Autoimmune Disease is a condition in which the body recognizes its own tissues as foreign and directs an immune response against them.
Researchers from The Australian National University (ANU) have discovered a previously unknown ability of a group of immune system cells, known as Atypical B cells (ABCs), to fight infectious diseases such as malaria.
Martin Taylor, MD, PhD, a physician investigator in the Department of Pathology at Massachusetts General Hospital and an instructor in Pathology at Harvard Medical School, is the lead corresponding author of a new study in Nature, Structural Analysis and Inhibition of Human LINE-1 ORF2 Protein Reveals Novel Adaptations and Functions.
In a study of historic scale, scientists at Gladstone Institutes have created an intricate map of how the immune system functions, examining the detailed molecular structures governing human T cells using the next-generation CRISPR tool known as base editing.
Regulatory T cells, or Tregs, represent a specialized class of immune cells dedicated to quelling immune responses and safeguarding the body against self-attack.
A signaling protein known as STING is a critical player in the human immune system, detecting signs of danger within cells and then activating a variety of defense mechanisms.
Scripps Researchers have found that looking at a certain type of immune cell in the blood can help pinpoint those who are most vulnerable to acquiring type 1 diabetes, a fatal autoimmune disease
N6-methyladenosine (m6A) is the most extensively studied RNA modification across multiple species, and its importance in the immune system has been demonstrated in a variety of contexts, including mRNA metabolism, cell differentiation, proliferation, and response to stimulation.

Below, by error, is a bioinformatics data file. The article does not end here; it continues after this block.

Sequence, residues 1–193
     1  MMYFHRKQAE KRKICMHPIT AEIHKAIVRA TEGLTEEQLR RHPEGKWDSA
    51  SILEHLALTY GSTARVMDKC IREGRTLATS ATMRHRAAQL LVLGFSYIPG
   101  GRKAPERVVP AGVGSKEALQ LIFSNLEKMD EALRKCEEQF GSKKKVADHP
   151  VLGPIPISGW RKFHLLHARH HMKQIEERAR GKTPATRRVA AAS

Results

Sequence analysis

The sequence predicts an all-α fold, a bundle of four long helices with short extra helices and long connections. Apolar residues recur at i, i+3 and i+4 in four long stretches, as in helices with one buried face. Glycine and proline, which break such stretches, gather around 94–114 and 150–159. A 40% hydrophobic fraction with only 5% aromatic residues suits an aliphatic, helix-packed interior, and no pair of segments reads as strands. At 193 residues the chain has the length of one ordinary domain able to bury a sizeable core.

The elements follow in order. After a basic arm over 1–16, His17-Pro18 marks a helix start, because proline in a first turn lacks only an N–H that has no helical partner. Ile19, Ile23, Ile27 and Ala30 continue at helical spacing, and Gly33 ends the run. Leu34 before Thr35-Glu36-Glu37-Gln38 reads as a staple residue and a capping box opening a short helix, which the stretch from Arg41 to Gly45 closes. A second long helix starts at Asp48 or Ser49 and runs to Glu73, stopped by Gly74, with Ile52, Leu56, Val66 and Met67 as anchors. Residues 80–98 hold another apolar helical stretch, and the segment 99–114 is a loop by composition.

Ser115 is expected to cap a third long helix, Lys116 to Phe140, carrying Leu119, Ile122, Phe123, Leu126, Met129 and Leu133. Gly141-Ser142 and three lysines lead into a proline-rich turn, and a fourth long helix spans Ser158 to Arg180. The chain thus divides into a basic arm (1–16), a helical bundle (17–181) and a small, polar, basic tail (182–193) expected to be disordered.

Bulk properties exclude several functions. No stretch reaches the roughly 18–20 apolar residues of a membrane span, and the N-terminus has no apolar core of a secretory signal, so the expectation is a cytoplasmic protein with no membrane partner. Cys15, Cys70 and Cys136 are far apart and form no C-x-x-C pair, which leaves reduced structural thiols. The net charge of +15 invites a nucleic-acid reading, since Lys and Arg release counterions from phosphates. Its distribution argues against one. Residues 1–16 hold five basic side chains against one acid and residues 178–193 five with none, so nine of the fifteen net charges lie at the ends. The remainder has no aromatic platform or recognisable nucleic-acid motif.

The University of Hong Kong (HKU) School of Biological Sciences research team led by Dr. Gary Ying Wai Chan has uncovered the function of a unique enzyme called ANKLE1.
Lung cancer patients who may not react well to immunotherapy (ICB) could be identified by the oncogenic activation of MYC, an important gene in the development of cancer.
According to a recent study headed by the Children’s Hospital of Philadelphia (CHOP), a regulatory class of human T cells is descended from two distinct origins, one related to autoimmunity and one related to protective immunity.
Researchers have used pluripotent stem cells to make thymus organoids that support the development of patient-specific T-cells, researchers report March 23rd in the journal Stem Cell Reports.
Scientists at the Francis Crick Institute have found that high consumption of a common artificial sweetener, sucralose, lowers activation of T-cells, an important component of the immune system, in mice.
The biological function of the C-reactive protein, CRP, has long been unknown. Researchers at Linköping University in Sweden now show that this protein has a beneficial function in systemic lupus erythematosus, SLE, an inflammatory disease.
For almost 140 years, the origin and behavior of an enigmatic cell type inside lymph nodes, called a tingible body macrophage, has remained a mystery.
Scientists at the Icahn School of Medicine at Mount Sinai in New York have identified which parts of the immune system go awry and contribute to autoimmune diseases in individuals with Down syndrome.
The metabolic pathways that produce a specific type of T cell are distinct from previously assumed, according to findings from the University of Michigan Rogel Cancer Center.
The discovery of a previously unknown role of “natural killer” (NK) immune cells by Melbourne researchers has increased the current understanding of how the immune system is controlled to prevent disease.
Before World Cancer Day (4th February), new research from the Centre for Cancer Immunology at the University of Southampton has demonstrated that altering how firmly an antibody attaches to a target can enhance cancer treatments.
An international consortium co-led by Vanderbilt University Medical Center immunogeneticist Rubén Martínez-Barricarte, PhD, has discovered a new genetic disorder that causes immunodeficiency and profound susceptibility to opportunistic infections including life-threatening fungal pneumonia.
A fault in cells that form a key part of the immune system can be repaired with a pioneering gene editing technique, finds new research demonstrated in human cells and mice, led by UCL scientists.